I have a few California birch seedling trees growing in a pot outside, here in Vegas; they sprout leaves, then something comes along and eats all the leaves, then the leaves grow back, and then they do it again. I am not sure if it is a certain kind of bug or the ants I’ve noticed all around and in the pot. Is there a way to stop these leaf-eating bugs/ants, something I can buy or something natural that I can find around my house?
The Gardener’s Answer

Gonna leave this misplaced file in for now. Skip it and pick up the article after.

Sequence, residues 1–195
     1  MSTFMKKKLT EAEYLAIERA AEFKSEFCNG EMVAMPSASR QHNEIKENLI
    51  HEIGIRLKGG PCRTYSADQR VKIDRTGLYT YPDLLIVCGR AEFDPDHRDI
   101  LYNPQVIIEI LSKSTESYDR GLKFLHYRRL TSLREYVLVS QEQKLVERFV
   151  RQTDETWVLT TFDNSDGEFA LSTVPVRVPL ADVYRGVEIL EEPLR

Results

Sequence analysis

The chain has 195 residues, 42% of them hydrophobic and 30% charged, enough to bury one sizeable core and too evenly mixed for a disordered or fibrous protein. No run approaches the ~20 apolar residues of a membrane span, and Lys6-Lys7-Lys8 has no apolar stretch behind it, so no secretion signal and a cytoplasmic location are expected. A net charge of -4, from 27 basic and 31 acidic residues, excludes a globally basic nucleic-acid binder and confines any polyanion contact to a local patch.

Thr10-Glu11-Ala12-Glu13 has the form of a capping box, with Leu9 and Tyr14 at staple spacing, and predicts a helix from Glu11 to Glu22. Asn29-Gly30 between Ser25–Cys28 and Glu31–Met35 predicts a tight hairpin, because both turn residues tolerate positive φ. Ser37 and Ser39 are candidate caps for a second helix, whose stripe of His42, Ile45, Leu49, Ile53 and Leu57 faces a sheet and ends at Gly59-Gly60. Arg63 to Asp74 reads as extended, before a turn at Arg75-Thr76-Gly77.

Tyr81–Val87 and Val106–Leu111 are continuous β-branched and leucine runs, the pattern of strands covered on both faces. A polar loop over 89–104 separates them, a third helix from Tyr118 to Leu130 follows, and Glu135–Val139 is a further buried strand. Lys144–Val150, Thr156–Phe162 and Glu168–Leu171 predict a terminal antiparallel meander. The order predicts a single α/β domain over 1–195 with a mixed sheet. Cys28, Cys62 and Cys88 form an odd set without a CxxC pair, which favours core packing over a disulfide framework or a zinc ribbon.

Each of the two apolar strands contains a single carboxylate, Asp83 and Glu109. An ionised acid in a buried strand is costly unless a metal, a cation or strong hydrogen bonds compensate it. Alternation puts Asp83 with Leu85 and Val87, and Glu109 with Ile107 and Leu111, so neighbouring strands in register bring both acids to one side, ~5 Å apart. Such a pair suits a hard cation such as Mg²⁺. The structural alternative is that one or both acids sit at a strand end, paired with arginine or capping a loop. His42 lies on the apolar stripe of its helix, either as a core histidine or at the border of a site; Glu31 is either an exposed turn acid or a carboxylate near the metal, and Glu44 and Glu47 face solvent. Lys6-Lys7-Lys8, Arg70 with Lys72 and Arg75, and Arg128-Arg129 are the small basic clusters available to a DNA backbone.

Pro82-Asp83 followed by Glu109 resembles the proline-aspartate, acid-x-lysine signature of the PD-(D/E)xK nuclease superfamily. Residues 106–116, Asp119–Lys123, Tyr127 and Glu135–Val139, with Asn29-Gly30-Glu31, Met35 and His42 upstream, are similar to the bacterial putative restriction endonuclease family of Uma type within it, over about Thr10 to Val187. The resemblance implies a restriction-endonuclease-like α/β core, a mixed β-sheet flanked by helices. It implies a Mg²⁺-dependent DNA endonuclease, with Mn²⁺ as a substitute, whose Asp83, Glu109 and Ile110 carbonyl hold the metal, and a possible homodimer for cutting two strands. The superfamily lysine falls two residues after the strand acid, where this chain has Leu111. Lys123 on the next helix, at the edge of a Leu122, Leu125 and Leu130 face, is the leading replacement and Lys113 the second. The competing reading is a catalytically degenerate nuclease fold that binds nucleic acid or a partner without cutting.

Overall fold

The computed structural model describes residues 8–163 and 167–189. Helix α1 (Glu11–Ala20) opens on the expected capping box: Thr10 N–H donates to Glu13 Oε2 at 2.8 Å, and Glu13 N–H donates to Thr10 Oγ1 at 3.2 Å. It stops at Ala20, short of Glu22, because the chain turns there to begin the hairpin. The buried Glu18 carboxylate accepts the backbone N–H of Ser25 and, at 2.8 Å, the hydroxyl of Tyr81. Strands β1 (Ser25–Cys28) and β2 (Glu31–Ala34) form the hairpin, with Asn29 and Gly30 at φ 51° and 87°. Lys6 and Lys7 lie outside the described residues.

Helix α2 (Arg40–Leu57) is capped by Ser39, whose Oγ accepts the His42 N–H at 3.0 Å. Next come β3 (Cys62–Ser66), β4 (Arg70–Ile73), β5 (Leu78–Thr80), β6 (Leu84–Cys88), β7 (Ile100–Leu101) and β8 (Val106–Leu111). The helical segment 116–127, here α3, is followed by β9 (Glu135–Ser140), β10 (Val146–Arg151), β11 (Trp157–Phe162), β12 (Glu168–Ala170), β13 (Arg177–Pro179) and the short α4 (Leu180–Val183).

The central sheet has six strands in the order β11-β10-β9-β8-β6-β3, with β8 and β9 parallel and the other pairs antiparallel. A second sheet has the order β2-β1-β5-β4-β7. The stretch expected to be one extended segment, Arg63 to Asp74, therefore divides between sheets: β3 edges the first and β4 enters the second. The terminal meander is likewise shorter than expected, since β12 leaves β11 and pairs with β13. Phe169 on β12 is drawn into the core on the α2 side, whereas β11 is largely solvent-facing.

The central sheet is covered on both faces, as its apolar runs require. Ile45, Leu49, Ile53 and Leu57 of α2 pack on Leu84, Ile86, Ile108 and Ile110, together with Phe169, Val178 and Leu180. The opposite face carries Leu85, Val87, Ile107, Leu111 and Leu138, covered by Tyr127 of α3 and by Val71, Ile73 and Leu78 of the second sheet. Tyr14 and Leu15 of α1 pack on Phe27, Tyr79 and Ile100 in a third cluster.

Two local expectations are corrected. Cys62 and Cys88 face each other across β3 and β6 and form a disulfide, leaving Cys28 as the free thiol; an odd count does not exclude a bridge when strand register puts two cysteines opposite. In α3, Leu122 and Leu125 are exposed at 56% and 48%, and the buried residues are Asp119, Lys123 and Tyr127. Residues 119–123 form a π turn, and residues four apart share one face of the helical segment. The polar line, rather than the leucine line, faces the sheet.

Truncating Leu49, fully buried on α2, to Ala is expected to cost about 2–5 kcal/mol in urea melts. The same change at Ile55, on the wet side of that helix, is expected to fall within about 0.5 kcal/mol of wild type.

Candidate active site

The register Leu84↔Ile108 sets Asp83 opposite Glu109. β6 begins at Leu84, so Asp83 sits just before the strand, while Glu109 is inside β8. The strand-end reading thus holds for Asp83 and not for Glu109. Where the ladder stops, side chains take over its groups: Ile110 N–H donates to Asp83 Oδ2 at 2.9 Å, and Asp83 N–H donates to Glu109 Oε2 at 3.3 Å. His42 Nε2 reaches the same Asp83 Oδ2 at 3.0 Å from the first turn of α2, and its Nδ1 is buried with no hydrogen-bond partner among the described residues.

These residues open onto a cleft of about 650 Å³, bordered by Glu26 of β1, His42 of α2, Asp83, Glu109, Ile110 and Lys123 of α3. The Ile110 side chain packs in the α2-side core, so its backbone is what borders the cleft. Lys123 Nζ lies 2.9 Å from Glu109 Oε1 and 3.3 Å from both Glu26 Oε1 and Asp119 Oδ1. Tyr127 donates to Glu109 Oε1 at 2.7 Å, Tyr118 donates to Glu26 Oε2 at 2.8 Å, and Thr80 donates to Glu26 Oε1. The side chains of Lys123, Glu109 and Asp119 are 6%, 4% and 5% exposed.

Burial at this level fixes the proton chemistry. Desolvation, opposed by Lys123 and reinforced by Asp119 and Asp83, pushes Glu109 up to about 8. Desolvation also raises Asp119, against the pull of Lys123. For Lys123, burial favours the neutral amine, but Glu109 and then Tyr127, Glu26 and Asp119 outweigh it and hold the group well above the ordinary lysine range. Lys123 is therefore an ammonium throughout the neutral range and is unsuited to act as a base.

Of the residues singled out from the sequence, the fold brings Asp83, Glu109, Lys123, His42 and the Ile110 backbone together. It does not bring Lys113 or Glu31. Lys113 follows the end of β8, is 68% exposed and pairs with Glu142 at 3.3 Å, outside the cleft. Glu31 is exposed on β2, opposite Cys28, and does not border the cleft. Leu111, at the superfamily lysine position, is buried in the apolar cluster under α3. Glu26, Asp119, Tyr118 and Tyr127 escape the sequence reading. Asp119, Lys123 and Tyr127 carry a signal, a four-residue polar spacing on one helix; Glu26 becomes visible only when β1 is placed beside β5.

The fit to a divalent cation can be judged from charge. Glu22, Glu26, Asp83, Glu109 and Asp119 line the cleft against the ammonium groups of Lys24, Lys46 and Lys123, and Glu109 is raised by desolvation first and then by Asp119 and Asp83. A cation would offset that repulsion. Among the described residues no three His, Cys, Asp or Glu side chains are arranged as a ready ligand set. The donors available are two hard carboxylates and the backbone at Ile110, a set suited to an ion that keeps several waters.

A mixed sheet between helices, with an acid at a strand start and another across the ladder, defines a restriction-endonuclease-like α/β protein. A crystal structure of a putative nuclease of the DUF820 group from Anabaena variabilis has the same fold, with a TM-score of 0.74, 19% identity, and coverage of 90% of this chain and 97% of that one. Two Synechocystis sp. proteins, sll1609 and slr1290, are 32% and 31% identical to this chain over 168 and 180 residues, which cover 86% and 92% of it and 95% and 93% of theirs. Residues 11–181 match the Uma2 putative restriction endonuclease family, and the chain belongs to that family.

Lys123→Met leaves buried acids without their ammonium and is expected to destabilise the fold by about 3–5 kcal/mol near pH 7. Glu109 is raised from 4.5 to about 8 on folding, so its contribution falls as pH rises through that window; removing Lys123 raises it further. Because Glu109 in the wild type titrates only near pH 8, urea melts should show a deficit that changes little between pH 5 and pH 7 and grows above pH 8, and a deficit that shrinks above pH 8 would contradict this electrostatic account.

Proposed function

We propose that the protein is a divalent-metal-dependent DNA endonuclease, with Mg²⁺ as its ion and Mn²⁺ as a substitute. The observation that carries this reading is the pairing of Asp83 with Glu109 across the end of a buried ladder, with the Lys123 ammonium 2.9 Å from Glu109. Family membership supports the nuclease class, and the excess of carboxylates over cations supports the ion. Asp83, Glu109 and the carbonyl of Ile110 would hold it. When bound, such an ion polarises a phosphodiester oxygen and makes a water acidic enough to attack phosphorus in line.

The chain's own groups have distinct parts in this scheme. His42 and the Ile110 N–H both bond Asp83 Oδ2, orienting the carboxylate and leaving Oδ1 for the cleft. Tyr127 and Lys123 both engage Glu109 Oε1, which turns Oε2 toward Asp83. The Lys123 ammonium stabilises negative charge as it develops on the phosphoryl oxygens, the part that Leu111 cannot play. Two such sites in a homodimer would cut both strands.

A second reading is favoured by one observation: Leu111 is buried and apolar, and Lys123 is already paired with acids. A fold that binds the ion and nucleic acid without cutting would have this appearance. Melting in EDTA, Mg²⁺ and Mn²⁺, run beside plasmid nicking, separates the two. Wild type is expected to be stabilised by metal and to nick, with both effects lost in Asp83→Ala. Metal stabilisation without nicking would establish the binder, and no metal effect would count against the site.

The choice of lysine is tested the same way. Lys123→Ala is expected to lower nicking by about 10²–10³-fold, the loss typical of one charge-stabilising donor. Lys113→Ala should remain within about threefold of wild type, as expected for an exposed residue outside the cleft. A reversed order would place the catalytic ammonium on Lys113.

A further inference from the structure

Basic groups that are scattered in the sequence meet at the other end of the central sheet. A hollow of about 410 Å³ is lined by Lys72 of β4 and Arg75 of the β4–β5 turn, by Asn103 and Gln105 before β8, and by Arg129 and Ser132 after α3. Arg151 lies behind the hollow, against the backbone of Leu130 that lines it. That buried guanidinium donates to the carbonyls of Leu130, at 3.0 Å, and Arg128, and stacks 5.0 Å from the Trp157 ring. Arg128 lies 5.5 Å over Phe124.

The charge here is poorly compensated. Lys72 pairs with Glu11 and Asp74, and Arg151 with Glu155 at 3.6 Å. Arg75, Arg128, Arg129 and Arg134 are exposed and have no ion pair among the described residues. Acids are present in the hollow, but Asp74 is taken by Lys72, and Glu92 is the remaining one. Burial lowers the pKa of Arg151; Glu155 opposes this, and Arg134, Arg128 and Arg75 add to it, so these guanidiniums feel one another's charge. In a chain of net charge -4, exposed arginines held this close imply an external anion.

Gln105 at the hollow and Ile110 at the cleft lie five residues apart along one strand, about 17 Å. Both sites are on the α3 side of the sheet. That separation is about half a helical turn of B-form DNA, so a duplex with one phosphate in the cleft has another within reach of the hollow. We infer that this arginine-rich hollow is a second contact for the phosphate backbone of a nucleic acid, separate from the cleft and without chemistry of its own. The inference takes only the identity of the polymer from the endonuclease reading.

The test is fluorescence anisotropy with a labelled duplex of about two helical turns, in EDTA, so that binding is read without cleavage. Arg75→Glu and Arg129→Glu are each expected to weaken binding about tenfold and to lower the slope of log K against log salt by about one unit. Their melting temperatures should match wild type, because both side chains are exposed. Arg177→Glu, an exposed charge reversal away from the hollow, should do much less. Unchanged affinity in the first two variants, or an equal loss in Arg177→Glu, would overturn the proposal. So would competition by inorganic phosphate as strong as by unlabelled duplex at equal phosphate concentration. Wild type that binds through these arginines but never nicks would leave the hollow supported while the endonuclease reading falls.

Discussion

Hello, John in Nevada: Is the foliage there one day and completely gone the next, or is this a gradual process starting off with little holes and after a few days there is little left of the leaves? Figuring out the culprit is the main objective at this point so you can treat accordingly. The ants may be living in the soil but typically do not feed or do much damage to the foliage. Have you noticed any other insect activity or anything unusual on your seedlings? If this is all happening overnight then you are dealing with a larger critter and a protective “cage” may be necessary to help prevent future nibbling. Chicken wire would work for this purpose. It is inexpensive and you can cut it to form a barrier between your plants and whatever the culprit may be. There are deterrents on the market made specifically for this purpose but are only effective on larger animals such as squirrels, rabbits, and deer. These organic products are available in both liquid and granular form. You can visit your local garden center to see what they carry, and make sure to follow the recommended application rates for the product you choose. If this is more of a gradual process, the culprit is going to be something much smaller and the deterrents will not make a difference. It really would be best for you to take a sample to your local garden center or to the horticulture agent at your local Extension office for the insect to be positively identified. This way you will know what you need to treat for. The good news at this point is that your seedlings are putting on new growth; they obviously are happy other than being chewed on, and once you figure out what is causing this and treat for it the seedlings should thrive.